A 14-year-old boy was hurt two years ago in a basketball game
A personal injury lawsuit filed against the Lake Oswego School District goes to trial May 15 seeking damages for a 14-year-old boy injured two years ago in a basketball game.
The suit stems from a January 2004 incident at Hallinan Elementary School during a youth league contest.
On behalf of her son, Portland resident Therese Heaton seeks $13,000 in medical and other expenses in addition to $500,000 in non-economic damages, according to documents filed in Multnomah County.
She alleges that the district was negligent by not providing adequate safety measures the day her son, Nicholas Rhodes, hit his head on an unpadded wall during the game.
The documents also name the Lake Oswego Community School, the Lake Oswego Youth Basketball Association and the Lake Oswego Youth Traveling Basketball Association as defendants.
The suit will most likely settle out of court within the next few weeks, according to attorneys for both sides.
Heaton's attorney David Sugerman said he was given specific instructions to answer all questions related to the incident.
'Nobody wants to see a child get hurt and when it happens, these are the kinds of things that motivate me and other lawyers,' Sugerman said. 'What comes of this is doing the best we can to take care of Nick … The district shares that (responsibility) and maybe there's a lesson to learn here.'
According to the suit, the district did not place pads on the walls to lessen physical impact and should not have allowed children to play on the court without first providing a safe environment.
It also alleges that the proximity of the cement walls to the court boundaries created a 'substantial risk of harm' for players.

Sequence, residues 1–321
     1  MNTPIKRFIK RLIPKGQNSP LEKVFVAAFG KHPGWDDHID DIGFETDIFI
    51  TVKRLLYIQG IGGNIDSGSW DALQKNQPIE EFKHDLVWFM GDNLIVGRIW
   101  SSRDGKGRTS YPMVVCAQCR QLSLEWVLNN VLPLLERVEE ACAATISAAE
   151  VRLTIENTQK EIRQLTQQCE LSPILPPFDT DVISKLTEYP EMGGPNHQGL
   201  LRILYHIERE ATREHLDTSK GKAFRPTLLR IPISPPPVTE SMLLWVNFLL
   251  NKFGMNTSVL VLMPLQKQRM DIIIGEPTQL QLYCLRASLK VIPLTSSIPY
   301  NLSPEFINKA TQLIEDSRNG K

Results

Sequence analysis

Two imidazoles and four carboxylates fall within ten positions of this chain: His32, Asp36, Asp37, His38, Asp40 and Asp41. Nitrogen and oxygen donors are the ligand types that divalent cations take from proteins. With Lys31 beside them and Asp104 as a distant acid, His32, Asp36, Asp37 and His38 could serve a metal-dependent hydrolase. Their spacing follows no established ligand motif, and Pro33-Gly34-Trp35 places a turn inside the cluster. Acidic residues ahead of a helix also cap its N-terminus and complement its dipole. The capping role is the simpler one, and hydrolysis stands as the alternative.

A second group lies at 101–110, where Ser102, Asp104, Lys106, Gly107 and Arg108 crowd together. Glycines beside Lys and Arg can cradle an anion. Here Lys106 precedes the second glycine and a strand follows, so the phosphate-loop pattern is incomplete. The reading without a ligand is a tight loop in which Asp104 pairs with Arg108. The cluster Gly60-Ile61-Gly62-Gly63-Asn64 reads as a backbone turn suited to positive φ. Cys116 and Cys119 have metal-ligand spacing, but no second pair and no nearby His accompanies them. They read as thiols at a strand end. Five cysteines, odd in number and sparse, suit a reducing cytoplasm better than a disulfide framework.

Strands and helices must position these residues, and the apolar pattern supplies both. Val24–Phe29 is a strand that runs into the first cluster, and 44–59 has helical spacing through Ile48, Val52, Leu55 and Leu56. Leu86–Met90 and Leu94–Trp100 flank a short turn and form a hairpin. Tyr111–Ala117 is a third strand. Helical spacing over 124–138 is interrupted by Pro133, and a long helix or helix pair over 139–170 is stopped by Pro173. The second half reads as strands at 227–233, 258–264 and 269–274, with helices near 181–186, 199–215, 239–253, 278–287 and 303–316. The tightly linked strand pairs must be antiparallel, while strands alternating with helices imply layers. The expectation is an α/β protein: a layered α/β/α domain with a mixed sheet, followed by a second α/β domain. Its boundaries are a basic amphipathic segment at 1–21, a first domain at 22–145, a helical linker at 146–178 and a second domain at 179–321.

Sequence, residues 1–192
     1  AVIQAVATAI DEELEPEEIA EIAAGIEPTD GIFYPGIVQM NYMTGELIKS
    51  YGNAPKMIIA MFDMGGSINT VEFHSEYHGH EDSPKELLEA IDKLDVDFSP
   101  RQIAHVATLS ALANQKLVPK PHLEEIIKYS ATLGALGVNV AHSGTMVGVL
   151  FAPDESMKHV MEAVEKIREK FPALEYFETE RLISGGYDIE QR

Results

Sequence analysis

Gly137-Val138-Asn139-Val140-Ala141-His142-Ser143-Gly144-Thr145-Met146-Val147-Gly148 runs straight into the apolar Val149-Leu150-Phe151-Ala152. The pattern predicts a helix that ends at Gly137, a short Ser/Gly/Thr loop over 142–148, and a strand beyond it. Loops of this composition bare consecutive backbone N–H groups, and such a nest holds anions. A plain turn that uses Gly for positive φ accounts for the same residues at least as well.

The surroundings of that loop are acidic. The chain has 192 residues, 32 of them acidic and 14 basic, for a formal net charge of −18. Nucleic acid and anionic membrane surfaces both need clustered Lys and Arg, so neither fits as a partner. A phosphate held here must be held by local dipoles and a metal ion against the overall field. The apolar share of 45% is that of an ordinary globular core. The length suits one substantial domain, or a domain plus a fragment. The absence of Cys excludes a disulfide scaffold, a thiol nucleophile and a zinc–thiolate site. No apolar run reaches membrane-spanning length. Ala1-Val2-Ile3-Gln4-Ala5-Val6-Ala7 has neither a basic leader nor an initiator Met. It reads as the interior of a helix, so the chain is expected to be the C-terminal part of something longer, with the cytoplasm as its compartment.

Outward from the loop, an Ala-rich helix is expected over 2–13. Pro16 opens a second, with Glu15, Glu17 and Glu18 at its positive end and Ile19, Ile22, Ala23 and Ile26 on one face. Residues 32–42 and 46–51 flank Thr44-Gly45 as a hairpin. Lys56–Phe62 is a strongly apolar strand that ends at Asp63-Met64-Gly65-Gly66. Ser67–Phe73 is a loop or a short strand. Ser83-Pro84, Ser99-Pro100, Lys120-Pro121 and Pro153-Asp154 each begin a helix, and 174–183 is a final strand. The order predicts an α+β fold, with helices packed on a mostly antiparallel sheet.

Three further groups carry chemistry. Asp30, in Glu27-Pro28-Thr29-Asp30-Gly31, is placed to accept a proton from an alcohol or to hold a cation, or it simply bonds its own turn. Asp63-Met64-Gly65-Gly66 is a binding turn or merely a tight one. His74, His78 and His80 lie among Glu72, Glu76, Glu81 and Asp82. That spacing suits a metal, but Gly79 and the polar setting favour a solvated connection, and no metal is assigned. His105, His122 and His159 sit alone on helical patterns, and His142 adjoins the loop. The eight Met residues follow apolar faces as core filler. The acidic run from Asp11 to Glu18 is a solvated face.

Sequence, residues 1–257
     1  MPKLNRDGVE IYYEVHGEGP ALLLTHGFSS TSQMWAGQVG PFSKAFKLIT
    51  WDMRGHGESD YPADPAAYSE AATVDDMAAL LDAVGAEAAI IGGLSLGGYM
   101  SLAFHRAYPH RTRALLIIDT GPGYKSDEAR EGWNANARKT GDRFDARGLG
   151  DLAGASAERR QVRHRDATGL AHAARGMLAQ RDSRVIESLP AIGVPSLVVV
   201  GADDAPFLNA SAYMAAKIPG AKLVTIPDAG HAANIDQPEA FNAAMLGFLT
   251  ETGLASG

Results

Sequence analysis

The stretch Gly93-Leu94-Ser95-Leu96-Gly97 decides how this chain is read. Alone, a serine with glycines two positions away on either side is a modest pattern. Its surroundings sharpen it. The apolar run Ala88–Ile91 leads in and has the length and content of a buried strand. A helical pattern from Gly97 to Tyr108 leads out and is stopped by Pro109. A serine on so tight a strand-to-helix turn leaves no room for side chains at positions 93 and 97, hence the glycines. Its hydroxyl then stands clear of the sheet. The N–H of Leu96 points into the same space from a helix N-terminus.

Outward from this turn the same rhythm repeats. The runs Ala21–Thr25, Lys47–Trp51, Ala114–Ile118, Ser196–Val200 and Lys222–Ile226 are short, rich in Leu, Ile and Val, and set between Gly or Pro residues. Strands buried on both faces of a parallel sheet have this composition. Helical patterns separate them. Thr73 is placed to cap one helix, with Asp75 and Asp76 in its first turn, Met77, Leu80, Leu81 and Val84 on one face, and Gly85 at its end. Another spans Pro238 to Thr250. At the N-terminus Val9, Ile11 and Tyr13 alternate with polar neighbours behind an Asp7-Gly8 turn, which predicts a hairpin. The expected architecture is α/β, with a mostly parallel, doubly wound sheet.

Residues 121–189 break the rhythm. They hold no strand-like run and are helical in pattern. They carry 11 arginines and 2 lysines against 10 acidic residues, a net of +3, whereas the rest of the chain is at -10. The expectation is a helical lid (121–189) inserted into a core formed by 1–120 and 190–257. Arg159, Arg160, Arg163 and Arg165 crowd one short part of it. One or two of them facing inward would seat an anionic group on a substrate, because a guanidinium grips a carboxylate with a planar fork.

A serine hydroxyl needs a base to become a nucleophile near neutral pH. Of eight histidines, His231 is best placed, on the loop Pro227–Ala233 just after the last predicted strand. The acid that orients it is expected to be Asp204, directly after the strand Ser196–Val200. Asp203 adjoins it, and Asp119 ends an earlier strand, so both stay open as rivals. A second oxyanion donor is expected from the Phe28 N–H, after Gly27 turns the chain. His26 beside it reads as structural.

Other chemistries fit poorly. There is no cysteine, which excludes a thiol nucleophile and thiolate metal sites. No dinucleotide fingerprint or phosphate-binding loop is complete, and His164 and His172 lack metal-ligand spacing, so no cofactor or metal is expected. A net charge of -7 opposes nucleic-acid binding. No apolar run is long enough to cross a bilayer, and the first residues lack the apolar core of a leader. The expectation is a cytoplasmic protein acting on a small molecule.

About three feet of space separate the wall and the court boundary line, said Hallinan Principal Steve Mauritz.
The Oregon School Activities Association requires a minimum distance of three feet and recommends a distance of 10 feet. According to OSAA Assistant Executive Director Cindy Simmons, the organization does not have a policy regarding padding.
Hallinan now has pads placed on each end wall of the court behind the baskets.
Rhodes, then a fifth-grader at Our Lady of the Lake School, was running down the court while defending against the opposing team. He jumped up to block a shot, lost his balance, tripped and fell headfirst into the unpadded cement wall behind the boundary line. The force of the impact knocked him unconscious.
The suit further alleges that Rhodes suffered a concussion and a traumatic brain injury, with an inner ear injury. It also alleges that Rhodes suffers from permanent injury that impacts his balance, hearing, vision and cognition.
'From what I understand, with good pads up, (Rhodes) might have been bruised, but we wouldn't be talking about a lawsuit here,' Sugerman said.
Sugerman would not say if Rhodes currently plays sports or is limited in his physical activity. A former Lake Oswego resident, Rhodes now attends St. John Fisher School, a private school in Portland.
School district attorney Peter Mersereau plans to contest those injuries and allegations.
'The district intends to defend itself,' he added.
The district alleges that Rhodes' injuries were caused in part by his own negligence in 'failing to maintain a proper lookout for his own safety during the game.'
It also states that Rhodes signed a medical consent and release of liability form in order to play in the game, thus releasing the district from liability.